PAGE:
Did Quitting Clarinet Cause My Asthma? And Other Stories About Wind Instruments

Today I had a weird realization, although I’m not drawing any conclusions here. Bear with me through this story: I quit school concert band in grade 10 due to a declining interest (and I practiced exactly never, and then I took up guitar and also practiced exactly never--okay maybe a bit more than that). I played the clarinet, primarily, with brief jazz band stints into bass clarinet, baritone saxophone, and later, tenor saxophone (True story: when I met my high school band teacher the first time he asked what I played. I said clarinet and Bari sax, and he looked at my 5'1" self and said "You play the Bari?! You're too small to play the Bari!" Let's be honest, I could barely carry the thing!). I was also in choir which I stuck with through high school, despite a less than fun grade 12 choir year.

Strange Coincidence?

I realized today that I stopped band in June 2007. And—fast forward—in April 2008 I was diagnosed with asthma. I started having symptoms 2.5 months earlier. In my *right* mind, I know that it is a weird coincidence: I know that quitting band (probably) had NO bearing on my asthma diagnosis. And research supports that a study suggests there is NO difference in lung function between woodwind/brass instrument players and people who do not play these instruments1. By the way, research doesn’t lead me to anything that claims asthma can be prevented by playing woodwind or brass instruments, either. So it’s just a strange coincidence. In fact, one article that compares men in a military band who play woodwinds (like the clarinet or saxophone) actually had decreased pulmonary functions compared to those who didn’t play, caused by barotrauma to the lungs—which means injury caused by air pressure2. The more people practice, the greater the damage that might result. (Oh, so I was safe that way! ;))3

Okay, I don’t honestly believe that if I’d kept playing I’d have avoided asthma. I’m pretty sure I’d have had three terrible semesters of band with uncontrolled asthma and playing the clarinet. An Australian study also notes that asthma has an insignificant impact on participation in music, does not impact the choice of instrument, nor does it prevent musicians with asthma from achieving a high or elite level of skill in the instrument3. Had I continued playing and then developed asthma, I’d probably have treated band like exercise and pre-medicated prior to playing (as I have the few times I’ve played since my diagnosis), which is annoying but not a super big deal.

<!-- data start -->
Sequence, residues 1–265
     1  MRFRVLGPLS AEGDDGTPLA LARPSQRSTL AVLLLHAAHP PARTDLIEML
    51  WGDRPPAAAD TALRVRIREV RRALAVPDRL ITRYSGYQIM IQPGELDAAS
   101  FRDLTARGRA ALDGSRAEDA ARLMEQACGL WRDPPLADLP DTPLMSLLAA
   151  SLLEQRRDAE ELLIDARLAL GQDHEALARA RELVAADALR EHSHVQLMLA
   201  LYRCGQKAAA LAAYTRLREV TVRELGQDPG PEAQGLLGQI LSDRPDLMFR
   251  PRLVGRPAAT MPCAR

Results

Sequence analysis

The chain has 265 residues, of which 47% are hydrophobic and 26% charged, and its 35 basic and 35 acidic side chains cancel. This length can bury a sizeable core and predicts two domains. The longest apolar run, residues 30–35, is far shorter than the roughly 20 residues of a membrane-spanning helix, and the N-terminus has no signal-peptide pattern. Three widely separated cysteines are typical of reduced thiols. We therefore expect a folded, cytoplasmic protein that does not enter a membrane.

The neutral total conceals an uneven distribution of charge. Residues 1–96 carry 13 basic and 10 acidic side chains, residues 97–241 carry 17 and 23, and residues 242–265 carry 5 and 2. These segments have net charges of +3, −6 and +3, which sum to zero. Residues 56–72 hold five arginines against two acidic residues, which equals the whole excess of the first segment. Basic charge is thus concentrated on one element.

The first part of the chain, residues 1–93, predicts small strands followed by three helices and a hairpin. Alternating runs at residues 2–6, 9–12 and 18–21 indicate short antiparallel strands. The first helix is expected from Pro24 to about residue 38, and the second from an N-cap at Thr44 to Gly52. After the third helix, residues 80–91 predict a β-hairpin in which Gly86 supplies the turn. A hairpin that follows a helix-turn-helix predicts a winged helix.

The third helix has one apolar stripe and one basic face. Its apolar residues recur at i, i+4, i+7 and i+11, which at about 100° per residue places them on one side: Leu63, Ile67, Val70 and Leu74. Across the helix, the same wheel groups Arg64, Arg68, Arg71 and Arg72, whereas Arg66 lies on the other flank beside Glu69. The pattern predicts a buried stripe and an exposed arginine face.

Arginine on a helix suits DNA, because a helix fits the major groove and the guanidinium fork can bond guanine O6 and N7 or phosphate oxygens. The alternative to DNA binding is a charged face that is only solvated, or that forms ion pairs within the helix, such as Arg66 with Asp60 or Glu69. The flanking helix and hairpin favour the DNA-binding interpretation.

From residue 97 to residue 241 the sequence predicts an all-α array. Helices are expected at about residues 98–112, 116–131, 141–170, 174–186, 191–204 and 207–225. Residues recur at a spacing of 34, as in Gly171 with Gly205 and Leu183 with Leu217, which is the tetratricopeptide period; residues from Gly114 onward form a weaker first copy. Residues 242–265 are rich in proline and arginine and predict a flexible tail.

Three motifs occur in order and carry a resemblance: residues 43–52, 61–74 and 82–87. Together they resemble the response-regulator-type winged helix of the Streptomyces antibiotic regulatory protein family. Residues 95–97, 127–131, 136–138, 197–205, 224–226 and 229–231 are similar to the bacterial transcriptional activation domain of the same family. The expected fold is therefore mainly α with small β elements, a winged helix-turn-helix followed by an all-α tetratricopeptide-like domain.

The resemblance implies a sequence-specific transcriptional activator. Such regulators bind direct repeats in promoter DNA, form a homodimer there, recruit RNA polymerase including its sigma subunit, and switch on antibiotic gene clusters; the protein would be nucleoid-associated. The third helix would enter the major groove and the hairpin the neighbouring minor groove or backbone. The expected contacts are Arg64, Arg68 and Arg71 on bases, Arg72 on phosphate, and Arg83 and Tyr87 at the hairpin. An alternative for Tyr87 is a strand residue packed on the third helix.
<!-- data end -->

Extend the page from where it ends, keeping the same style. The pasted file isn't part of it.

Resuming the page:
Clean Your Instrument!

And another tidbit for any of you wind instrument players out there: clean your instrument! A guy developed “saxophone lung” from an accumulation of mold and other grossness in his clarinet for not cleaning it for 30 years. Gross. This condition causes inflammation to develop in the lungs from exposure to mold and bacteria4. He was treated with prednisone and, go figure, his symptoms did not improve until he cleaned his clarinet3! I wonder how he went that long without taking his instrument in for servicing, where surely they’d have cleaned it, but maybe he’s smarter than me and just checks all the screws and whatever himself.

Of course, it’s one of those things I have to wonder about, one of those un-solveables. So now, though, I’m sitting here at 11:30 PM and asking myself questions and googling things related to asthma and woodwind and brass instruments! Research says: keep playing, but keep your instrument clean! (Which is always a good idea. And if your reeds have black stuff on them, that’s mold and throw them out because gross.) And, nothing—of course—indicates the fact that I quit caused my asthma. ;)

By providing your email address, you are agreeing to our privacy policy. We never sell or share your email address.

This article represents the opinions, thoughts, and experiences of the author; none of this content has been paid for by any advertiser. The Asthma.net team does not recommend or endorse any products or treatments discussed herein. Learn more about how we maintain editorial integrity here.

Join the conversation

or create an account to comment.